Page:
FOR IMMEDIATE RELEASE | October 21, 2014

Interesting facts about our favorite candy to mark National Chemistry Week

WASHINGTON, Oct. 21, 2014 — Chemists around the world this week are helping children explore the chemical tricks that confectioners use to transform their ingredients into irresistible treats. These efforts to explain the science behind jelly beans, licorice, chocolate and other gooey delights are part of National Chemistry Week, Oct. 19-25, an annual event sponsored by the American Chemical Society (ACS), the world’s largest scientific society. This year’s theme celebrates “The Sweet Side of Chemistry: Candy.” Among the interesting and curious scientific facts about candy are:

  • Hard candy is technically a glass — so much so that it is sometimes used to make the “bottle” that gets broken over someone’s head in a fight scene.
  • The same chemical that makes grapefruit taste sour — citric acid — is in sour-tasting candy.
  • Peppermint oil comes from a plant, and some research shows that candies flavored with it can help people concentrate better.
  • Ever wonder how they get liquefied cherries into a chocolate-covered cherry without leaving an injection hole? The candy actually starts with a hard cherry center that slowly softens after the chocolate is applied, thanks to a chemical called invertase that’s added to the recipe.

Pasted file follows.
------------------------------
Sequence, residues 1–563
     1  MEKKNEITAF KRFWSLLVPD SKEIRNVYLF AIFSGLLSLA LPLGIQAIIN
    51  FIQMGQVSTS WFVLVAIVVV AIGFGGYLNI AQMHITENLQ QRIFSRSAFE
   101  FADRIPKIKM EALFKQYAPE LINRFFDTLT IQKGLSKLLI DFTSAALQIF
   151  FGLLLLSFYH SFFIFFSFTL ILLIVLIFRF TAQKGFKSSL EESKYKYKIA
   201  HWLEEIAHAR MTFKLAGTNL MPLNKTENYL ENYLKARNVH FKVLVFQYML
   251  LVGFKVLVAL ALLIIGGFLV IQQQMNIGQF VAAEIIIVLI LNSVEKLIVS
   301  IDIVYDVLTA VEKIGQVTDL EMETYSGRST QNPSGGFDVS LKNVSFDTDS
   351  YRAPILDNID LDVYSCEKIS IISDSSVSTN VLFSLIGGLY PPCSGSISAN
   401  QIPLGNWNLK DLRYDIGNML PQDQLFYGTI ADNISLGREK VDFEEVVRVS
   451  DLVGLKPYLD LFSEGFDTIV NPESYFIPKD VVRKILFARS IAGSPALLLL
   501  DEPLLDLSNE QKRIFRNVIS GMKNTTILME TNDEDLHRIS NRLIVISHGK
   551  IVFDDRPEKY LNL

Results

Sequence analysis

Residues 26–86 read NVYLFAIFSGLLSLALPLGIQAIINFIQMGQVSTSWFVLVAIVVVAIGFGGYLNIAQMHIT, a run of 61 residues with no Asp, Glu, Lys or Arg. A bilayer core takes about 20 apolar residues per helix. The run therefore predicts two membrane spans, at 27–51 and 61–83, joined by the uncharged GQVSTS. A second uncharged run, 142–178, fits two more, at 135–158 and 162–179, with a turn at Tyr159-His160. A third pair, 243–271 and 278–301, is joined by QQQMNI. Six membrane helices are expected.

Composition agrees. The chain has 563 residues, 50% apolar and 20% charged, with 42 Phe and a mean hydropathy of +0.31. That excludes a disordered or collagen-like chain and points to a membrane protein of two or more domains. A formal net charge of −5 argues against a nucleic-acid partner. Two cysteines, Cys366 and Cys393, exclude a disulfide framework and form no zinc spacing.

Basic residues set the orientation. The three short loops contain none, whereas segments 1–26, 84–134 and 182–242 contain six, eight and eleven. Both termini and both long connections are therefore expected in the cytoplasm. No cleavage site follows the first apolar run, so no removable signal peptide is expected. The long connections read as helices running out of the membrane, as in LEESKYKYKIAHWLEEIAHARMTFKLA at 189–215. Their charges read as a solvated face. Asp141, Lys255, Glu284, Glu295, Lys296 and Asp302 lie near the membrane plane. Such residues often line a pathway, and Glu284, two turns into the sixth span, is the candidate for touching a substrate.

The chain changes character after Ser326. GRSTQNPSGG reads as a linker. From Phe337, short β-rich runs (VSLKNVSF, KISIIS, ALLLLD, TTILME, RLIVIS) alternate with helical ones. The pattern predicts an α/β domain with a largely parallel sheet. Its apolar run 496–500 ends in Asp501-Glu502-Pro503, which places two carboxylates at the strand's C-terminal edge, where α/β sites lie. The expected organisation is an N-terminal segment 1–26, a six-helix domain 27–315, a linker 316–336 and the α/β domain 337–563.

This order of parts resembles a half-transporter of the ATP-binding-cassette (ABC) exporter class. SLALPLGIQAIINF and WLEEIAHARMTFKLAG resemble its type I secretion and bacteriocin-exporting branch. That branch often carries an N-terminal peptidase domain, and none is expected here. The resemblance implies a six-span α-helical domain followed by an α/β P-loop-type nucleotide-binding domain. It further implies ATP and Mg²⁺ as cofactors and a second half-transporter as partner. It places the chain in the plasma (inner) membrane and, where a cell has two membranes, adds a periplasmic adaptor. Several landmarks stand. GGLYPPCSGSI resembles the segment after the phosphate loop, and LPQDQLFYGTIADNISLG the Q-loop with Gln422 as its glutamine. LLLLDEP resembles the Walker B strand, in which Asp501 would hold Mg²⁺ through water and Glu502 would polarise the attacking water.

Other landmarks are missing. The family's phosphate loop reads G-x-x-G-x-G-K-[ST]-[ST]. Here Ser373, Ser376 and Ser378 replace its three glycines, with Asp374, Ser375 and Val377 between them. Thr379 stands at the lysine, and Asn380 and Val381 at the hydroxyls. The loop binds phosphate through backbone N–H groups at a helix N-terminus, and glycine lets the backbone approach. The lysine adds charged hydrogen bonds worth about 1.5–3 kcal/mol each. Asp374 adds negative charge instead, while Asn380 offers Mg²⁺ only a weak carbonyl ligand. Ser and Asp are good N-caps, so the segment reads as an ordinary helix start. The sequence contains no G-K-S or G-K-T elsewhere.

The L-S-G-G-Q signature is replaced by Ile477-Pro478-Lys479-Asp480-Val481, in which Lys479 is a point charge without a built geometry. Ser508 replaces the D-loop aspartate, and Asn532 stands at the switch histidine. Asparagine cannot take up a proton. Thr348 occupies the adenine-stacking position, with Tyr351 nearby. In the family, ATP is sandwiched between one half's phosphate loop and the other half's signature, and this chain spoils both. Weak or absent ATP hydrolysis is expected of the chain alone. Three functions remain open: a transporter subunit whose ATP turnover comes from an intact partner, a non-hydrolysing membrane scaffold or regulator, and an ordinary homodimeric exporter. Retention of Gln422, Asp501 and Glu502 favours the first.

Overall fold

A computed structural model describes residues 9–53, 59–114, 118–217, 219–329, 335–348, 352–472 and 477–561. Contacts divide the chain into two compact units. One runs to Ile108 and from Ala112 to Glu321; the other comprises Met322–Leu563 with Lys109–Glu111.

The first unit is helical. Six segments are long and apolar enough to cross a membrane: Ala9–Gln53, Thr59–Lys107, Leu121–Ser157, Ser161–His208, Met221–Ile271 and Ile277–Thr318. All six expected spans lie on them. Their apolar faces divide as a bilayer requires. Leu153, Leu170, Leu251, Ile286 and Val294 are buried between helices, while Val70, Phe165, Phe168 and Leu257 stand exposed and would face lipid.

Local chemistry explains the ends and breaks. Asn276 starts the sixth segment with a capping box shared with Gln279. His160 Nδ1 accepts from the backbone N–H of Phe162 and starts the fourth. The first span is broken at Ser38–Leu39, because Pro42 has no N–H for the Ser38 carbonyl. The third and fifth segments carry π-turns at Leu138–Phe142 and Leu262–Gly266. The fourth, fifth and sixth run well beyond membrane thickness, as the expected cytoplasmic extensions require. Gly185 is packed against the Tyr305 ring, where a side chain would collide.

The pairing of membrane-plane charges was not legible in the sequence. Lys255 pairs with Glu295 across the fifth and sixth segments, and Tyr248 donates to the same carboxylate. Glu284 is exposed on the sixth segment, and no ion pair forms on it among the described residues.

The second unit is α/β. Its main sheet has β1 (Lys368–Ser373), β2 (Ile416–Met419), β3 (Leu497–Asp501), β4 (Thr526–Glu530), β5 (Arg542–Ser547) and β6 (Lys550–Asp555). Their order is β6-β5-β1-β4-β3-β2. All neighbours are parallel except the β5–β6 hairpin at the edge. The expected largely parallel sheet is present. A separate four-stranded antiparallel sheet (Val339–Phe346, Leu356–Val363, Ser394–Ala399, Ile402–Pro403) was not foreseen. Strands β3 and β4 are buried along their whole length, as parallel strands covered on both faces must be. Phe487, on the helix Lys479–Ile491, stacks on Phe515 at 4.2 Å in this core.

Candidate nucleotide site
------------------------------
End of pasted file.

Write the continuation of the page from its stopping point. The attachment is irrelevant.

• Cotton candy is almost pure sugar that has been melted and then spun. 
  • Gummies contain flavor, sugar and a seaweed chemical called carrageenan, which makes them chewy.
  • Licorice contains a smelly compound that’s found in a spice called anise.

During National Chemistry Week, chemists are encouraged to participate in chemistry demonstrations and other outreach events in schools, shopping malls, science museums, libraries and other public venues.  For kid-friendly, candy-themed activities that families can do at home, click here, and for a fun ACS Reactions video that explains why we love our sweets, visit

Earlier this month, President Barack Obama thanked ACS professionals and volunteers participating in this year’s National Chemistry Week “who are opening eyes, sparking imaginations and cultivating tomorrow’s leaders in chemistry.” In addition, the U.S. Senate passed a resolution designating the week beginning Oct. 19 as National Chemistry Week.

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